It has emerged that after it was revealed that some South Africans could have possibly been victims of Cambridge Analytica harvesting Facebook users' data, South Africa's Information Regulator sent a letter to Facebook Africa's head office in Johannesburg requesting clarity. Several days after receiving the letter, Facebook responded to South Africa's Information Regulator on a "voluntary basis" and also revised the number of South Africans affected up from 59,777 to 96,121.
Interesting to note also is that Facebook makes it clear that "Facebook Ireland is the appropriate entity to provide you [South African Information Regulator] with information regarding these matters", making it clear that their South African representatives wouldn't possibly be the relevant people to speak to from a legal perspective.
Amenda Makhetha, Attorney and Director at Lelo Privacy Compliance Consultants.
Despite this, Amanda Makhetha who is an attorney and a Director at South Africa's Lelo Privacy Compliance Consultants, believes that South Africa's Information Regulator does have legal recourse to make Facebook account, although she has reservations.
"There are 8 principles in POPIA and one of them is Consent. The requirements are very similar to the requirements of the stringent GDPR, this is Facebook’s main issue, 'did you have consent to process the personal information of the data subjects in the manner that you did'. As a Data Owner, Facebook bears the responsibility of ensuring that the data of its users is secure and used only for the purpose for which it was acquired. There is no tacit consent," said Makhetha to iAfrikan.
Makhetha further explained that the only challenge the regulator might encounter is that this particular principle in South Africa's Protection of Personal Information Act (POPIA) has not been implemented yet.
"We await an implementation date (for POPIA). This then answers your question in respect of recourse and the answer is, for now, not necessarily. Unless sⁿthe regulator will be reliant on the constitutionally entrenched right to privacy."
The tacit consent issue that Makhetha raises has to do with how third party apps on Facebook, similar to the one developed by Dr. Aleksandra Kogan for Cambridge Analytica, use implicit trust to collect not only data from Facebook users who use them, but also from Facebook friends of those users. The concept is known as collateral information collection and it allows the profile information of a Facebook user to also be acquired when a friend of a user installed an app effectuating privacy interdependence on Facebook.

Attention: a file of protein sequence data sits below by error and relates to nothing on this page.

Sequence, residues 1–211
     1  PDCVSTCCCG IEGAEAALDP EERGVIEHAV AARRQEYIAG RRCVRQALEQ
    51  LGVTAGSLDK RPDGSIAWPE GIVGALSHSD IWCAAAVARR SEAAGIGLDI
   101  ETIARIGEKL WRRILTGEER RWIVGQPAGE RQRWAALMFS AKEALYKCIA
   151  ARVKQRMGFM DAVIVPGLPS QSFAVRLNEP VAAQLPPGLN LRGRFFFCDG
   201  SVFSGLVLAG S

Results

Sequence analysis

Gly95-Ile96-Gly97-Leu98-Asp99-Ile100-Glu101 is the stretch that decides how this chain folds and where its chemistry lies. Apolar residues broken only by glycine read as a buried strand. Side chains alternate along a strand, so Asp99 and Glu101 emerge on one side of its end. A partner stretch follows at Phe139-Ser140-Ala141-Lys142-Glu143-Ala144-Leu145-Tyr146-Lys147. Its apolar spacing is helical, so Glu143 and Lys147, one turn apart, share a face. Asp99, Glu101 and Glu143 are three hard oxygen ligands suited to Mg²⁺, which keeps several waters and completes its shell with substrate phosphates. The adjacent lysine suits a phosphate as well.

Based on South Africa's POPIA, when any one or any organisation collects people's data, it needs to prove that they consented to it.
"This is a problem because now they have to prove that those friends, which form the bulk of the data that was processed, consented to such processing by Facebook," said Makhetha.
"Facebook is basically saying that Facebook users consented to the App developer accessing and processing their information. But what they are not saying is that this consent was explicit to the degree of allowing for the transfer of such data to Cambridge Analytica."
Not only is this a problem Facebook will face with South Aftican regulators but also with the Europen Union's upcoming General Data Protection Regulation (GDPR), as Makhetha elaborated.
"The incoming GDPR requires “explicit consent” for these very reasons, as just the term consent could be widely interpreted by Companies that profit on the use of the personal data of individuals, like Facebook and their partners. Facebook is consenting to the information belonging to the friends of the users having been accessed as well, and they are in a similar boat to TrueCaller in this instance, because there is no consent from the friends in question," said Makhetha.
Since the Cambridge Analytica saga has been reported on, Facebook has announced several measures it has taken to simplifying their user's privacy settings. Also, the social media platform has indicated that it has an ongoing investigation into the matter. However, Makhetha is not confident the internal Facebook investigation will yield much.
"At this point, the outcome of Facebook’s supposed investigation will be telling of a lot of things and also the final verdict of the Senate. This will serve to give precedent for the regulator. But to get a thief to prosecute his own case is a no-brainer (not that I am saying Facebook is a thief). Facebook will never find against themselves," concluded Makhetha.